An 11-year-old girl was able to truly experience the Disney magic recently thanks to a princess who knew how to communicate with her in American Sign Language.

Zoe Tapley of New Braunfels, Texas, was visiting Disneyland on July 16 with her family when she spotted Princess Anna greeting park-goers nearby. Zoe's mom Jeanette Tapley, 36, told "Good Morning America" that her husband Jesse and Zoe love meeting the different characters when they visit Disney parks and lined up to meet the "Frozen" character.

"[Princess Anna] must have seen us signing to each other," Jesse Tapley, 38, said. "Sometimes the characters will know, like, 'What's your name?' or 'Nice to meet you' and that's awesome. But when she said, 'Can I sign?' I was like, 'Yeah, go ahead.'"

When Zoe approached the cast member, the Tapleys said they were shocked to see Princess Anna knew how to sign more than basic phrases. They engaged in a full ASL conversation about Zoe's favorite rides at Disneyland and how she had been adopted from Congo.

"I was like 'Wow!'" Zoe told "GMA" using ASL -- with Jeanette Tapley's help translating -- after realizing Princess Anna could communicate with her directly.

@jeanettetapley To say we are thankful is an understatement. Really the best way to sum it up is WOW!!!! 🤩 #WeStickTogether #PostitAffirmations #disneyfamily #deaftiktok #deafkidsrock ♬ Home Baking - Matthew Beattie

The interaction brought tears to both Jesse Tapley's and Jeanette Tapley's eyes. It was the first time a park character had ever spoken that in-depth with their daughter, without them having to act as an interpreter.

"We've been to Disney many times and by far it was our best interaction we've ever had," Jesse Tapley said. "It was one of those things where she got to feel the magic rather than being filtered through mom and dad."

The moment was also special because it showcased Zoe's progress with ASL. When Zoe was adopted from Congo seven years ago, she didn't know any sign language.

"I was really quiet and shy and I didn't know how to learn language," Zoe said.

She has since worked hard at building her language skills with her parents and at school.

"I progressed, progressed, progressed. And now my language is just full ASL," Zoe said. "At Disney, I was so excited because I got to share with my friends and I got to sign and everything."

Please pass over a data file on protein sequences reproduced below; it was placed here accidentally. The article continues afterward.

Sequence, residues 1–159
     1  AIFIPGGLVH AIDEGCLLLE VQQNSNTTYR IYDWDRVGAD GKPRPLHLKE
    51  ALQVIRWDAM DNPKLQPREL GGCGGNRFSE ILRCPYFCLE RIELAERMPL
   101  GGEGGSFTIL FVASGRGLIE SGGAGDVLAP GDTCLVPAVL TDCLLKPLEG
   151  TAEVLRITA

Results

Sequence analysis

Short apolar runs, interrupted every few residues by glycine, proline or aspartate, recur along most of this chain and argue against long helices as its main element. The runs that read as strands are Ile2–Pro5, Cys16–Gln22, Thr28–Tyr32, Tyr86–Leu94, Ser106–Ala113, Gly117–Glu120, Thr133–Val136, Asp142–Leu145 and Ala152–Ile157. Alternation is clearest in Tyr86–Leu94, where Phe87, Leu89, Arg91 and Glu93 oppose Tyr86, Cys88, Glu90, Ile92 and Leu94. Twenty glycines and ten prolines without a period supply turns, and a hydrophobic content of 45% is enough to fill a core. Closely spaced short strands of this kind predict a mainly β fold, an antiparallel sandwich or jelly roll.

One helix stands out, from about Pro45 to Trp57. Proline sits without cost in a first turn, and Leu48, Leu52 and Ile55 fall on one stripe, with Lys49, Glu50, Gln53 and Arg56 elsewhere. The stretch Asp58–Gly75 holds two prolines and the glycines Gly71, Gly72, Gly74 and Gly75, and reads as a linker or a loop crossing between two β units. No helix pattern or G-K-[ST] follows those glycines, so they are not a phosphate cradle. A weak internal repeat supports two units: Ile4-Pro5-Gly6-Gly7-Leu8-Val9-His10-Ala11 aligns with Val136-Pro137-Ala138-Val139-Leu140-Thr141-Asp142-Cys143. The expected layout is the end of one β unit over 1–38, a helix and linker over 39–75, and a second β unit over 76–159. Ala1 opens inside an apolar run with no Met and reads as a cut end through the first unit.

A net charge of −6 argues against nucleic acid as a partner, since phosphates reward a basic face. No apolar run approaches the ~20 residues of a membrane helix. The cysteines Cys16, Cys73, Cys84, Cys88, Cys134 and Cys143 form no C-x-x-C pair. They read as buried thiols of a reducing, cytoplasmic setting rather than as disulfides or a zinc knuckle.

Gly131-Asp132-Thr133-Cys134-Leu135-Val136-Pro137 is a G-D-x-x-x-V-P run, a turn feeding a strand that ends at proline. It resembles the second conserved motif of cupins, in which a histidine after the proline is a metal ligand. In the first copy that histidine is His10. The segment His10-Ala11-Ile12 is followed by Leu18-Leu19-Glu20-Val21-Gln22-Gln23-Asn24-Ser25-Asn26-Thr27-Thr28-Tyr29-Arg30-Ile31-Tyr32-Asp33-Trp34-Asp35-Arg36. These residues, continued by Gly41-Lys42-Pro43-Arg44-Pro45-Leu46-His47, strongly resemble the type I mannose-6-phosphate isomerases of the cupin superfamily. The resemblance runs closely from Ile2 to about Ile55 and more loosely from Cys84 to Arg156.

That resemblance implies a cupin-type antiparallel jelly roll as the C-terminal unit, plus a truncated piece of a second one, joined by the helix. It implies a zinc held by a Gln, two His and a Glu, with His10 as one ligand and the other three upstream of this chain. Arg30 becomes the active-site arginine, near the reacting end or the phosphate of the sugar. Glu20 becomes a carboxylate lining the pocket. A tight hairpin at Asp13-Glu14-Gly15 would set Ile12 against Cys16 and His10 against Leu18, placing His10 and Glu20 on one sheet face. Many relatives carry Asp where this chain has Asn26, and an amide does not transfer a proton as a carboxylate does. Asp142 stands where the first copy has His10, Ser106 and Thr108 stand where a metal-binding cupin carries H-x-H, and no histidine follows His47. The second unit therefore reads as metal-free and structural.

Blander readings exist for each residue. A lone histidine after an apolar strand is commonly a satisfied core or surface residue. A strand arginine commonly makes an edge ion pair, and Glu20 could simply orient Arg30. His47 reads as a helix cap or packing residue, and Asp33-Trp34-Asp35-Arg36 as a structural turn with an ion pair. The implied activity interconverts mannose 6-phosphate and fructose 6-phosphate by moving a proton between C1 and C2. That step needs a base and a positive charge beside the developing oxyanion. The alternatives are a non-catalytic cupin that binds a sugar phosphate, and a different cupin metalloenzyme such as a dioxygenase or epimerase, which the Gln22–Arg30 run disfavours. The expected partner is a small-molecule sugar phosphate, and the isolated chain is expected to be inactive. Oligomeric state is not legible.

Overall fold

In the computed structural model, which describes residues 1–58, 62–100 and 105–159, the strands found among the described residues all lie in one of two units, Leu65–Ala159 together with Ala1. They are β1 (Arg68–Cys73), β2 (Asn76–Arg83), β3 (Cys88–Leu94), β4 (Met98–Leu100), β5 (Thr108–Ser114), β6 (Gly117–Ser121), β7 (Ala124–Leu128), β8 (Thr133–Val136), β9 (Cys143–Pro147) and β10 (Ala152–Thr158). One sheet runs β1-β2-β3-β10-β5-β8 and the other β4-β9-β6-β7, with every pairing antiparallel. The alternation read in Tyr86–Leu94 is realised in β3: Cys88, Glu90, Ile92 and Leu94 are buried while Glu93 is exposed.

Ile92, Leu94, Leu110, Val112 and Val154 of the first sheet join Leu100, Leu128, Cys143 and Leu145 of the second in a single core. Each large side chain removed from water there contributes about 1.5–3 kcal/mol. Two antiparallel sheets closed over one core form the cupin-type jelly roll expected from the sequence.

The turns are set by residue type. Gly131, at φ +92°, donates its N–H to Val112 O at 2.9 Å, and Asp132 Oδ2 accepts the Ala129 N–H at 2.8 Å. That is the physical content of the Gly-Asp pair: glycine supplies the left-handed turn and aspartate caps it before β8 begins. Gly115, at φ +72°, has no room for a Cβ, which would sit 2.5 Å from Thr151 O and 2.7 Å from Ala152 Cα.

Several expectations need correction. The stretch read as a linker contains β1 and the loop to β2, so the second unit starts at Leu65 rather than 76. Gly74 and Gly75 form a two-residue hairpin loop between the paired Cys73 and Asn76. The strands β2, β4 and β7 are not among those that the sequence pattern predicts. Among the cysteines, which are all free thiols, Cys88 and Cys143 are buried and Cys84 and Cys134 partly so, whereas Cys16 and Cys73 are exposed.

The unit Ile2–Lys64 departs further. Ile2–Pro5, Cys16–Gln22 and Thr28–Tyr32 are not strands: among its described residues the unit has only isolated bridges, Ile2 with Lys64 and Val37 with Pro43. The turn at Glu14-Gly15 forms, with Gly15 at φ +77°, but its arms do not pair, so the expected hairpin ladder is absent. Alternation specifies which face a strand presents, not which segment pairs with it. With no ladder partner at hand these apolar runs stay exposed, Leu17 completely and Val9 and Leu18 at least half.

PHOTO: The Tapley family poses for a selfie on a trip to Disney.
Jeanette Tapley
The Tapley family poses for a selfie on a trip to Disney.

A Disney spokesperson said interactions like the one Zoe experienced are "what Disney is all about."

It's about "that feeling of belonging to the Disney magic, and the authentic, emotional moments of connection with our characters and our cast," the spokesperson said.

After capturing the emotional meeting on video, Jeanette Tapley decided to post the clip on TikTok, where it has since garnered more than 2.1 million views.

@jeanettetapley When Princess Anna can sign and have a full conversation with my deaf child. 🥹 Zoe has never been able to chat with a princess without Jesse or myself interpreting. This was magical. Thank you Princess Anna for making our trip so special! #deafchildren #asl #americansignlanguage #BigInkEnergy #fyp #feelgood #inclusionmatters @Disney Parks @Disneyland California ♬ For the First Time in Forever - From "Frozen"/Soundtrack Version - Kristen Bell & Idina Menzel

Zoe said it's been fun to see the outpouring of support she's received on her mom's video.

"I'm happy to see that people love my video," Zoe said. "These people love it ... and there's no bullying. It's been really, really nice."

Aside from sharing a happy memory, Jeanette Tapley said the video has raised greater awareness of accessibility and what it's like raising a deaf child.

"There's just this joy of seeing ASL being celebrated and being the spotlight ... that's so beautiful and so important to our family and to her culture," Jeanette said. "It's been really special."

Disney is the parent company of ABC News and "Good Morning America."